Reading file OneSentence.txt
***Interpreted regular expressions***
Found 1 matches in 00:00:00.0014642 using static Regex.Matches()
Found 1 matches in 00:00:00.0002807 using static Regex.Match()/NextMatch()

***Compiled regular expressions***
Found 1 matches in 00:00:00.0076935 using compiled static Regex.Matches()
Found 1 matches in 00:00:00.0089727 using compiled static Regex.Match/NextMatch

Reading file .\Dreiser_TheFinancier.txt
***Interpreted regular expressions***
Found 13679 matches in 00:00:02.1395809 using static Regex.Matches()
Found 13679 matches in 00:00:02.1683064 using static Regex.Match()/NextMatch()

***Compiled regular expressions***
Found 13679 matches in 00:00:01.2329685 using compiled static Regex.Matches()
Found 13679 matches in 00:00:01.1957317 using compiled static Regex.Match/NextMatch

This output shows the same relationship between interpreted and compiled static regular expressions that we observed for interpreted and compiled instance regular expressions. However, as the two charts that compare the performance of static and instance methods when making a single method call and when making multiple method calls to process a large block of text show, static regular expression methods offer performance that is generally inferior to instance regular expression methods. Their advantage lies in scenarios that use regular expression caching as an alternative to repeatedly re-instantiating the same regular expression object.

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Regular Expressions Compiled to an Assembly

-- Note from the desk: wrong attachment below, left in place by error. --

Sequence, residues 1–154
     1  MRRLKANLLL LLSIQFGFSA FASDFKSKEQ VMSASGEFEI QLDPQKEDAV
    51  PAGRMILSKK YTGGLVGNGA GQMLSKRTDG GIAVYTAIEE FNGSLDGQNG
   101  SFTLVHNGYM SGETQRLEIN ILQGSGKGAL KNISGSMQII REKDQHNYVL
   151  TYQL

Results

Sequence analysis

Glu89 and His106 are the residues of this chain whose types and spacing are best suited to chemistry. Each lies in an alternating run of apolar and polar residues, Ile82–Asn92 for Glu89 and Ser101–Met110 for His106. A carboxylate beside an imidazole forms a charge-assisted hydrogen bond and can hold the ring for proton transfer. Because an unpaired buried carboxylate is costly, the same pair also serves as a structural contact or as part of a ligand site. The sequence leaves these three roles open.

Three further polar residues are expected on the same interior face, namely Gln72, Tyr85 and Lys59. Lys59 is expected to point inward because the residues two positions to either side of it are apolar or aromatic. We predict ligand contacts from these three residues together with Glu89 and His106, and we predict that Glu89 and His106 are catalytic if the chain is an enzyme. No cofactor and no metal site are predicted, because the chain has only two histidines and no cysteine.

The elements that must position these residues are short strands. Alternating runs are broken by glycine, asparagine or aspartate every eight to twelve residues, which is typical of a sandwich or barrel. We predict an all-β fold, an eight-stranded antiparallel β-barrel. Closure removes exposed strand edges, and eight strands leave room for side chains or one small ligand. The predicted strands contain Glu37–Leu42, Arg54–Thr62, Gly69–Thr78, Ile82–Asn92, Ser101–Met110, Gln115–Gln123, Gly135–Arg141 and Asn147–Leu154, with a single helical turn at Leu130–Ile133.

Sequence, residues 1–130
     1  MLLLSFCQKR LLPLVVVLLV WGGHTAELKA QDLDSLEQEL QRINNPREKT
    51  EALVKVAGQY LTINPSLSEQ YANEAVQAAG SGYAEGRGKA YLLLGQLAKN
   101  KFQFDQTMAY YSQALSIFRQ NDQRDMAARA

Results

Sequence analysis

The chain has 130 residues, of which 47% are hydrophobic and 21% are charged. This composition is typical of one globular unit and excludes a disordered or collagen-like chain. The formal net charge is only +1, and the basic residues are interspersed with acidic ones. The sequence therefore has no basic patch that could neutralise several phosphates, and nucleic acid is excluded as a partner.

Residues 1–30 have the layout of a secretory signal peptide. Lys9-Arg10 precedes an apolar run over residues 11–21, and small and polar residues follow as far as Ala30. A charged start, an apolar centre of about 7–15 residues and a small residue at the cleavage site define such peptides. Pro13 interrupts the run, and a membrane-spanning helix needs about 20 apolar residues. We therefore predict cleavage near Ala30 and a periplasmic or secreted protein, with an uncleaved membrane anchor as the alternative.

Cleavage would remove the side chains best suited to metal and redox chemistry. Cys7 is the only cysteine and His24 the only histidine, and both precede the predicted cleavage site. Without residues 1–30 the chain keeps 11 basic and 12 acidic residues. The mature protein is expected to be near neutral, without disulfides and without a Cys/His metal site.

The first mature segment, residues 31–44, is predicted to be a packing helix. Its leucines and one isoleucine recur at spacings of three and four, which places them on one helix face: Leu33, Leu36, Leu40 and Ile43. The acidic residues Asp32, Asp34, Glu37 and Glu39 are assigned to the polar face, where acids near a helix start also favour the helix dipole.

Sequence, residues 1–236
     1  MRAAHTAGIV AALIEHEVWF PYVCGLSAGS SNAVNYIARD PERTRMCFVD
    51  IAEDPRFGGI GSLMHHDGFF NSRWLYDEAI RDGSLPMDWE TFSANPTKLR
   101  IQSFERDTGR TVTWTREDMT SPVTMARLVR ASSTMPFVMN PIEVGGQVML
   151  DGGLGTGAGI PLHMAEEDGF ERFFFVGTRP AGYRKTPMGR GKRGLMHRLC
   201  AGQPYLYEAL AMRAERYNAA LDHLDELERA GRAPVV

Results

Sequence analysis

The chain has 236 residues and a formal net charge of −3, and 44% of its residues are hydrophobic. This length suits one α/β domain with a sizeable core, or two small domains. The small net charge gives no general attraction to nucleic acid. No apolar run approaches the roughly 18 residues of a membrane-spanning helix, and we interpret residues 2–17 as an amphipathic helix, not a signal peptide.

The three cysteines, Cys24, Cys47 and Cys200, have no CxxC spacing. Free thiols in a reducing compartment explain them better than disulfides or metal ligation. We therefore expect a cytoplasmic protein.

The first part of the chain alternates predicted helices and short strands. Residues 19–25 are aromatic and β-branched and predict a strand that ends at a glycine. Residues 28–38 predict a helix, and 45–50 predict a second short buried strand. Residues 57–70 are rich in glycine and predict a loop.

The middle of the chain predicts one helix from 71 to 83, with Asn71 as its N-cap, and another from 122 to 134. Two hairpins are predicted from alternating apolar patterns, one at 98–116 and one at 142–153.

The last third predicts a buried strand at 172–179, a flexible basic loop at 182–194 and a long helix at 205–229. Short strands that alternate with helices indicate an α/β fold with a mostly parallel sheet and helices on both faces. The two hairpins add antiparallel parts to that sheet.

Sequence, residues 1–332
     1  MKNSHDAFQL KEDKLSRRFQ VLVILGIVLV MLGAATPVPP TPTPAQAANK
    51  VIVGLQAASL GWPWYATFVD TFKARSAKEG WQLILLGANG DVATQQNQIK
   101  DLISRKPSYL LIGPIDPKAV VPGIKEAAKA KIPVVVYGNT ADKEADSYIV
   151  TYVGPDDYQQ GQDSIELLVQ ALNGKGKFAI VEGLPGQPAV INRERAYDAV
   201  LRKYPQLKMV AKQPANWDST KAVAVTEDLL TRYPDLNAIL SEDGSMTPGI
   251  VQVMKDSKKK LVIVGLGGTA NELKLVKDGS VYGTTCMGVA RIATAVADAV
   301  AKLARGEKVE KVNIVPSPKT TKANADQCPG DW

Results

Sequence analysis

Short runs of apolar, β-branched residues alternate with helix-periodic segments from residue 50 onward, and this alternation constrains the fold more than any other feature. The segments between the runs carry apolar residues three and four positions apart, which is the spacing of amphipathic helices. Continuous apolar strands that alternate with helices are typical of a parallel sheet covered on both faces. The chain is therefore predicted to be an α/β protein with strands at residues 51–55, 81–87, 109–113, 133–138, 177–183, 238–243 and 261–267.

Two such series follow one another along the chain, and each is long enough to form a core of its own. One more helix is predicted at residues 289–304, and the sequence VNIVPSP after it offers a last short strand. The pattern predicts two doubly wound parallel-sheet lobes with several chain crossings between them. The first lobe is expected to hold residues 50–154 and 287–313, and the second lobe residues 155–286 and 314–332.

The .NET Framework also allows you to create an assembly that contains compiled regular expressions. This moves the performance hit of regular expression compilation from runtime to design time. However, it also involves some additional work: You must define the regular expressions in advance and compile them to an assembly. The compiler can then reference this assembly when compiling source code that uses the assembly’s regular expressions.

To compile regular expressions to an assembly, you call the Regex.CompileToAssembly method and pass it an array of RegexCompilationInfo objects that represent the regular expressions to be compiled, and an AssemblyName object that contains information about the assembly to be created.

For example, we can compile and store the regular expression that we’ve used to extract sentences from a string in a separate assembly. The following example does this:

[Visual Basic]
Imports System.Reflection
Imports System.Text.RegularExpressions

Module Example
   Public Sub Main()
      Dim SentencePattern As New RegexCompilationInfo("\b(\w+((\r?\n)|,?\s))*\w+[.?:;!]",
                                                      RegexOptions.Multiline,
                                                      "SentencePattern",